1. Check for precautionary rust or moisture at the diffuser. If you find rust or moisture near the hot runner vent, it means internal condensation or the water pipe may rupture. Moisture can cause a fatal short circuit to the heater. If the machine is not running all year round and needs to be turned off at night or on weekends, the chances of this condensation will increase.
2. Remember to remind the operator not to “clean up” the hot mouth at the gate. If the operator happens to see a small piece of stainless steel at the nozzle fitting, it may be a spout assembly. “Clean up” this seemingly obstructive thing often ruins the hot mouth. In order not to damage the hot mouth, please confirm the type of mouth of the hot runner system before taking action and ensure that all operators are well trained to identify the different types of mouths they are exposed to.
3. Sliding stop. For machines that run endlessly throughout the year, this work should be done once a week. At the end of the year, it was a good time to routinely lubricate these parts.
4. Interactively check the resistance of the heater. You should have measured the resistance value when you first started using the heater, and the end of the year is the time to measure and compare it again. If the resistance value is ±10% floating, it is important to consider replacing the heater to ensure that it does not fail at critical times in the production process. If the initial resistance value has never been measured, it is measured once and the obtained value is used as reference data for future inspection of the heater.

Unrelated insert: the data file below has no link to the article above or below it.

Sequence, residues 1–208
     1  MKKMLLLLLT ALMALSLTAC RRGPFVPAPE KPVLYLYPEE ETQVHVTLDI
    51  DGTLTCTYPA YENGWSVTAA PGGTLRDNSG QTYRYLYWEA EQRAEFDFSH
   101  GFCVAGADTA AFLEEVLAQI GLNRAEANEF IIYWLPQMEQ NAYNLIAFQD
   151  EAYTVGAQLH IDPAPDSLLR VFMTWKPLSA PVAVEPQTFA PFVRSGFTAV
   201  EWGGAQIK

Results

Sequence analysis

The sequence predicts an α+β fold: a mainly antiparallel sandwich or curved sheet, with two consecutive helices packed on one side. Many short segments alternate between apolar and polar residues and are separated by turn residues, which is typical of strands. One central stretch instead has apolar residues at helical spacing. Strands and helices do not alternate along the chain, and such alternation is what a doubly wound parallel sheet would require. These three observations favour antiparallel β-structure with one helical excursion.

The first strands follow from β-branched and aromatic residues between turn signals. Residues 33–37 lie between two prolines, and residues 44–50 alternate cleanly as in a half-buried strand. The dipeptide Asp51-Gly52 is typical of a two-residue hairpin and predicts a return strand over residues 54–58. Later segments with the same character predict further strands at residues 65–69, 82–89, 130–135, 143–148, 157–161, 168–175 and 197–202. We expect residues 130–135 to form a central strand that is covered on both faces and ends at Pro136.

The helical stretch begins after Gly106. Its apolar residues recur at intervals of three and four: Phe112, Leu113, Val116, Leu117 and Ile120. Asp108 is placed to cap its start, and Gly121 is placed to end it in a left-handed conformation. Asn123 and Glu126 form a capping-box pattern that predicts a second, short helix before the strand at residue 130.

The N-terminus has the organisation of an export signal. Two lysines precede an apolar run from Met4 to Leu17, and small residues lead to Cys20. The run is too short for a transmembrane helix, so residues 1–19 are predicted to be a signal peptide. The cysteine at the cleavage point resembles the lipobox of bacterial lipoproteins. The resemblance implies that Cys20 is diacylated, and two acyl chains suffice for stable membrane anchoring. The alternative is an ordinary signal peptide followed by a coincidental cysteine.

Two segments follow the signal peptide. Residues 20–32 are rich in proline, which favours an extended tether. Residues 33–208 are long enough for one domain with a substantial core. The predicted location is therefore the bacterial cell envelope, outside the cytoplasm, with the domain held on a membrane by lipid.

5. Check for signs of wear between the guide post and the guide sleeve. Look for scratches or scratches, such mold parts are worn due to lack of lubrication. If the traces are just emerging, you can extend their life by adding lubricant to the guide post and guide sleeve. If the wear is already serious, you should replace the new one. Otherwise, the cavity and the core part may not fit well, resulting in a thin wall of the parts.